Liao’s direct cellulose-to-butanol process, developed in collaboration with researchers at Oak Ridge National Laboratory, promises to simplify things by expanding the capabilities of fermentation microbes. The key was adding Liao’s sugar-to-isobutanol pathway to a microbe, Clostridium cellulolyticum, that likes chewing on biomass but does not normally make butanol. The microbe was originally isolated from composted grass, and two years ago, the U.S. Department of Energy’s Joint Genome Institute completed a sequence of its genome.
The result of the genetic engineering, published this month in the journal Applied and Environmental Microbiology, is a single organism that takes in cellulose and cranks out isobutanol. Liao says the output and conversion rate are low, but says this “proof of principle” is likely the trickiest part of the development process. “The rest is relatively straightforward. Not trivial, but straightforward. It becomes a matter of funding and resources,” says Liao.
The next step is to move the genetic modifications to a faster-growing variant of Clostridium or some other microbe. Liao bets the technology could be production-ready in as little as two years.
One speed bump that could slow things down is litigation over rights to use Liao’s technology. Gevo is being sued for patent infringement by competitor Butamax Advanced Biofuels, a joint venture between BP and DuPont that, like Gevo, plans to convert corn-based ethanol plants to isobutanol. Butamax alleges that Gevo’s use of genetic engineering to make butanol violates a broad U.S. patent issued to Butamax in December 2010.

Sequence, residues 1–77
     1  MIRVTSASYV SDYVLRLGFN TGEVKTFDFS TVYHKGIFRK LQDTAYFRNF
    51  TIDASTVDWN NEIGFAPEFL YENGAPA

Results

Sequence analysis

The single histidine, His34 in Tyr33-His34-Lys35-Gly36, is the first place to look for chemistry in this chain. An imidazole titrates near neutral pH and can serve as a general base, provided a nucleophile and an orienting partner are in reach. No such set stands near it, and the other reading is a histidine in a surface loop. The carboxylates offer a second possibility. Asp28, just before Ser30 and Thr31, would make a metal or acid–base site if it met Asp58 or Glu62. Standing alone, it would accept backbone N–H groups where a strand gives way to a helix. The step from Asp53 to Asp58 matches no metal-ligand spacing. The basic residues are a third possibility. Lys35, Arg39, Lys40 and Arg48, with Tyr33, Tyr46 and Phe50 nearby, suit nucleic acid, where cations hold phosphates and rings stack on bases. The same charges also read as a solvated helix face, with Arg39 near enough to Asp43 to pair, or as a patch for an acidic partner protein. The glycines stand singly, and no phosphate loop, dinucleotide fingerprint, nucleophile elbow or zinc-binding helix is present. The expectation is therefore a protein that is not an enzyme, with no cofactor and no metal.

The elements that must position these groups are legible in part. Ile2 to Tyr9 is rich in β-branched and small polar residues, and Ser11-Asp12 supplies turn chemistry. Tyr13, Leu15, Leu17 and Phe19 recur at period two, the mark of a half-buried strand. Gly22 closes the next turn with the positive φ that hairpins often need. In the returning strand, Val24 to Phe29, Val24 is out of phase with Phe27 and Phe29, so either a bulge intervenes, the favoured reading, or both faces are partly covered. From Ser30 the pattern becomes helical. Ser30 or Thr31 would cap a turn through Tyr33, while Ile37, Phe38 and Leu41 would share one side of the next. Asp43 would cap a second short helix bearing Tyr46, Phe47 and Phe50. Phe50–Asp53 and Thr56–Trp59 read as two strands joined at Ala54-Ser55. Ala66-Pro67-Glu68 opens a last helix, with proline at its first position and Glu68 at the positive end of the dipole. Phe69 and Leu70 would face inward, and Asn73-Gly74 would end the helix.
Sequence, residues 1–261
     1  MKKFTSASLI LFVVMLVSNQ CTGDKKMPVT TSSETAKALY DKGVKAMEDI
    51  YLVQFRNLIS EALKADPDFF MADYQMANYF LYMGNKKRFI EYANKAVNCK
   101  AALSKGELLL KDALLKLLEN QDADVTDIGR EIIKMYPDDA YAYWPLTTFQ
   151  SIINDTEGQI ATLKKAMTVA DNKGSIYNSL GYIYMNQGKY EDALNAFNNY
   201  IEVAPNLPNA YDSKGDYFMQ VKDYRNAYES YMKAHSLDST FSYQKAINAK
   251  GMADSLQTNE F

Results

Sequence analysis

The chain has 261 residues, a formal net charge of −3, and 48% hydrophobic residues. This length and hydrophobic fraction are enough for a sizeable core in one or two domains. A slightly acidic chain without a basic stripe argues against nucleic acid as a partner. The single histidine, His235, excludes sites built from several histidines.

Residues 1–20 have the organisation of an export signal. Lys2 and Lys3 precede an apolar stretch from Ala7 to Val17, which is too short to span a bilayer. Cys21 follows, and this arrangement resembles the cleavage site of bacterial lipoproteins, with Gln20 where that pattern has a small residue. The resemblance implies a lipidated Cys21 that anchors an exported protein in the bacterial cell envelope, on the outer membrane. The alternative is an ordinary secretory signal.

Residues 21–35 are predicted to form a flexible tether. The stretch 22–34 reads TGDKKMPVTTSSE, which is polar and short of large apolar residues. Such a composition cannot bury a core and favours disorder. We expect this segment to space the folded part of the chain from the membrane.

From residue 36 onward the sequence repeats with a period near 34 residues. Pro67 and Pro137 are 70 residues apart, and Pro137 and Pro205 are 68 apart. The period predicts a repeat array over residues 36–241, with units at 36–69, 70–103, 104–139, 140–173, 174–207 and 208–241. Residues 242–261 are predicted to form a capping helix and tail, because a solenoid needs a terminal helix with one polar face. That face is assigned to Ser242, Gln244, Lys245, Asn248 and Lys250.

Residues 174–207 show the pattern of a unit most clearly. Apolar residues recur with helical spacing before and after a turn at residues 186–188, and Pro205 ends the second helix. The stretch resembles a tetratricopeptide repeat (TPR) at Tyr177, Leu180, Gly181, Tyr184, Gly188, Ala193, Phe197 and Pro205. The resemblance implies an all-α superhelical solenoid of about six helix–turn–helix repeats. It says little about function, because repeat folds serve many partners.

Another obstacle is concern about the environmental impact of heavy biomass use. In January, the EPA issued a draft report to Congress on the environmental impacts from biofuels production. The report outlined several concerns with production of biomass-based fuels. It noted that using corn stover (the leaves and stalks left after harvest) to produce fuels, instead of plowing the stover back into farmlands, could result in soil degradation and choke streams and rivers with increased runoff. Environmental activists have raised concerns about the cultivation of marginal lands that have been set aside to boost biodiversity and provide protective barriers around water bodies.
Liao’s demonstration of genetically engineered E. coli that can turn protein into isobutanol also provides a potential alternative to biomass feedstocks: fast-growing photosynthetic algae. Current R&D projects developing algae-based biofuels seek to convert algal-produced fats, which make up about a quarter of algal mass. Proteins, in contrast, make up roughly two-thirds.
It would be possible, says Liao, to create a recycling production system in which isobutanol-producing microbes are sustained by algal protein as well as industrial fermentation residues recovered from prior rounds of butanol production. Like algae, fermentation residues are composed largely of proteins.
“These results show the feasibility of using proteins for biorefineries,” Liao and UCLA colleagues wrote this month in the journal Nature Biotechnology.
Liao says protein-fed biorefineries cranking out isobutanol are probably five to 10 years from realization, so cellulosic isobutanol is likely to come first. He acknowledges that algae-based protein feedstocks may, like cellulosic biomass, turn out to have unforeseen costs. But one thing is certain, says Liao: “They’re certainly much more sustainable than petroleum or coal or sugar.”
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